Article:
If I had the time I’d draw an editorial cartoon of a portrait of him surrounded by causes that have been glommed onto him posthumously from ‘be kind to animals’ to ‘support the troops’ with his annoyed countenance saying ‘WTF?!’
Two links on St Seraphim of Sarov
From last year
His version of the Rosary
Rod Dreher seems to get it now regarding Iraq
From the LRC blog

Saturday, January 13, 2007

US military expands domestic surveillance
How’s the hunt for bin Laden (who?) going?
Did Gerald Ford echo Murray Rothbard?
And IIRC the Austrian-school economists?
It makes me very irritated when Reagan’s people pound their chests and say that because we had this big military buildup the Kremlin collapsed.
Sounds like the view that Communism collapsed because of its own contradictions.
SMU teachers oppose Bush library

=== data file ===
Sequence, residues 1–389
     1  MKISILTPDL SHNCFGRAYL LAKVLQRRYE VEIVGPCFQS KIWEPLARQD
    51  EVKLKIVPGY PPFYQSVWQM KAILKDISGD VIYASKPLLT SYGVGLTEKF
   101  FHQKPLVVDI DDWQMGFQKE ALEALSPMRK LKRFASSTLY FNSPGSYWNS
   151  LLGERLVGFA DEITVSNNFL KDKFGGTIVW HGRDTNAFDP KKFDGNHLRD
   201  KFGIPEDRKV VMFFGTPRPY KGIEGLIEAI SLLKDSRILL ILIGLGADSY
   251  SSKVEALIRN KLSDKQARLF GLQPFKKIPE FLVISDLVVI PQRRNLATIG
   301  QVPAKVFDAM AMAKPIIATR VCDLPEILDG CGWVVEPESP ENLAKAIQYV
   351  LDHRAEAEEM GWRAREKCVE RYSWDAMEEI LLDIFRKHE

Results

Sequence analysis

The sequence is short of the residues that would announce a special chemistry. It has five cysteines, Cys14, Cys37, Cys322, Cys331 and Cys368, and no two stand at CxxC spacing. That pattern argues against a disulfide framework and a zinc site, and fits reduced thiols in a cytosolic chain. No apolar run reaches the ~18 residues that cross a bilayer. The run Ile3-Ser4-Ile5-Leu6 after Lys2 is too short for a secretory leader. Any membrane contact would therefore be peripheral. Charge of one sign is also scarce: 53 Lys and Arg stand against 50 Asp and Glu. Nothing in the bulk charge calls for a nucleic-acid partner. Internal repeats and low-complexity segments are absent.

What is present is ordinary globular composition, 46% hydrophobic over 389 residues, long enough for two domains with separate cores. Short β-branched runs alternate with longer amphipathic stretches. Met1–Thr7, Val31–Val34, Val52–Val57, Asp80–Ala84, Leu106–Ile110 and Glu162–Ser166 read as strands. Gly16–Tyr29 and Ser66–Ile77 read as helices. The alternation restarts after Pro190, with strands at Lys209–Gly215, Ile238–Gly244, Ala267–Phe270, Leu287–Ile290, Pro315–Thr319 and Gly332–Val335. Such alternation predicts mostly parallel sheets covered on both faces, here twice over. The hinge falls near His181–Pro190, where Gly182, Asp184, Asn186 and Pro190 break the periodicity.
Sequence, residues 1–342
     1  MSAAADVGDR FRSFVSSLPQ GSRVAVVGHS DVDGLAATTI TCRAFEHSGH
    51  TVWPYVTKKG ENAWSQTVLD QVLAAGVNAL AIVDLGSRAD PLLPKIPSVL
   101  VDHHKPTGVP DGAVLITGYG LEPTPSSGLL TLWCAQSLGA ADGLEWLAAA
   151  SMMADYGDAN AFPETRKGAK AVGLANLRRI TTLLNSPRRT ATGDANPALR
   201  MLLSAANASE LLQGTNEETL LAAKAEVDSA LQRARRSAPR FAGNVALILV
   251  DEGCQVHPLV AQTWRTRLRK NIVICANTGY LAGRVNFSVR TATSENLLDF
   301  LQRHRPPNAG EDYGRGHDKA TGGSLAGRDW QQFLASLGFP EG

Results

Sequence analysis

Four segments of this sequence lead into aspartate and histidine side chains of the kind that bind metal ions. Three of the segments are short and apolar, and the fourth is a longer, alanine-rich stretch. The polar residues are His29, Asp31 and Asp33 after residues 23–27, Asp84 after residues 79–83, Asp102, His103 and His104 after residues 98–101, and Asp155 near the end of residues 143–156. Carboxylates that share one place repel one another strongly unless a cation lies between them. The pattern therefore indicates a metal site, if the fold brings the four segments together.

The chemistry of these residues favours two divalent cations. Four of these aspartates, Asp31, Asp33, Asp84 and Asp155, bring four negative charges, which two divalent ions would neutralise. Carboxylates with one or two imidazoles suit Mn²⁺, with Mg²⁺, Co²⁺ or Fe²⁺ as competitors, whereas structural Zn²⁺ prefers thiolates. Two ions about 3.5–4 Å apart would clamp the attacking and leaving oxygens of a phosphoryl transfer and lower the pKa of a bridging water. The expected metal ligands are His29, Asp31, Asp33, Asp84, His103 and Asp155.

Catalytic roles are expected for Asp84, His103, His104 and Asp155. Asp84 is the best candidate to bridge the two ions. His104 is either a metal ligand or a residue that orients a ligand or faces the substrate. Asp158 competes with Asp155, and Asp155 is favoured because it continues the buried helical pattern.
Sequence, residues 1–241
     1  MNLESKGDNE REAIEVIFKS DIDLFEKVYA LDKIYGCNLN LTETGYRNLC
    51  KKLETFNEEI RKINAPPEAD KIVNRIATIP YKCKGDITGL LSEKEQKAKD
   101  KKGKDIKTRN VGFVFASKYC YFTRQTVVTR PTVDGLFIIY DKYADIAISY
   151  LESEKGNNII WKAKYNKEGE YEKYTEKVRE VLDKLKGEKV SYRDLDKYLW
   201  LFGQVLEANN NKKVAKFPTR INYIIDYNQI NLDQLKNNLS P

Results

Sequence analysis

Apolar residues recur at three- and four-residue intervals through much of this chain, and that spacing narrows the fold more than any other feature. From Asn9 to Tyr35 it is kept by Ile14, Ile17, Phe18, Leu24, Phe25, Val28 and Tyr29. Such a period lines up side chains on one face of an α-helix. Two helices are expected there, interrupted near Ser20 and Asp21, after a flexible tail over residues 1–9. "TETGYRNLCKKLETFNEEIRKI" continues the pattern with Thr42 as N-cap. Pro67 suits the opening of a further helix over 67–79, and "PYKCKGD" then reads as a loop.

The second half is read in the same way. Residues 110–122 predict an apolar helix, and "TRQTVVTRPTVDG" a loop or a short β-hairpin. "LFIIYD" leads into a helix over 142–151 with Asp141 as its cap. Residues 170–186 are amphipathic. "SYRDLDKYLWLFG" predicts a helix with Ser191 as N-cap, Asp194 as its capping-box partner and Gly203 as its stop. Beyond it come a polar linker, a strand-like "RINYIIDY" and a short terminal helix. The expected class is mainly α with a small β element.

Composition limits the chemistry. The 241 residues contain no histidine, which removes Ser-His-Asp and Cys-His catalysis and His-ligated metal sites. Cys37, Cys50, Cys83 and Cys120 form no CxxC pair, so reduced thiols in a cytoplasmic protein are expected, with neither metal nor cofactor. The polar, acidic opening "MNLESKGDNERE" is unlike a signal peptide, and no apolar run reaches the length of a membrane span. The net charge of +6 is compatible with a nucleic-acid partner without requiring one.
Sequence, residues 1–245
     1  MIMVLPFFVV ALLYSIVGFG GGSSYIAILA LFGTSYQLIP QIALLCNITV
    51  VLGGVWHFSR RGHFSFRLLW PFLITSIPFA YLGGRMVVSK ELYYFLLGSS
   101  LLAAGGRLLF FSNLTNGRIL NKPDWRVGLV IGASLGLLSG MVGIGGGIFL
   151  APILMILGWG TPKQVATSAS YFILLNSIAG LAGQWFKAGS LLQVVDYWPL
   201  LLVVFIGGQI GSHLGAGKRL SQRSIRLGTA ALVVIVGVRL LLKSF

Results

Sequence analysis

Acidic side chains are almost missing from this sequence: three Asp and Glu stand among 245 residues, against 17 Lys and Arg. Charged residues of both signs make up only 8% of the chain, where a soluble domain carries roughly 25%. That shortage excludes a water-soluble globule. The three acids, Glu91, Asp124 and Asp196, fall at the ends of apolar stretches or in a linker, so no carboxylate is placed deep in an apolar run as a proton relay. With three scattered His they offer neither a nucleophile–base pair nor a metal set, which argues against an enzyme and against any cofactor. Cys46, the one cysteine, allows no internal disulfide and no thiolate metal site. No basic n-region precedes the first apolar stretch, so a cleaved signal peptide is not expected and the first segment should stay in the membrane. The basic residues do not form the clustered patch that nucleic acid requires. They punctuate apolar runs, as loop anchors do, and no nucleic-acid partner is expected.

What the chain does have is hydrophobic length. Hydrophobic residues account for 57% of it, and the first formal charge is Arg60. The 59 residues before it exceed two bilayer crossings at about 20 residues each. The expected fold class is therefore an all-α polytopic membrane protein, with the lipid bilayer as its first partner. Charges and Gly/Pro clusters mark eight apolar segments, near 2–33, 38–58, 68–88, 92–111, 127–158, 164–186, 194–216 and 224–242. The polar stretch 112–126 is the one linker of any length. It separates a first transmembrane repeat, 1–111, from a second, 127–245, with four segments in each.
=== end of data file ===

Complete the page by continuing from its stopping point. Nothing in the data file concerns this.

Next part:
Friday, January 12, 2007

Playing the hate card
Canon Gary L’Hommedieu on the Episcopal row

The missing pages
With some honourable exceptions many of the mainstream churches are guilty of tearing pages from the Bible. The Roman Catholic and Orthodox churches have for a very long time taken stances on the matters discussed below which are in accordance with accepted and traditional belief and interpretation. They seem to be the only churches... that take the whole of scriptural authority seriously. It is difficult to avoid concluding that our own church the C of E (as with other members of the Anglican Communion) is quite possibly among the worst of the offenders.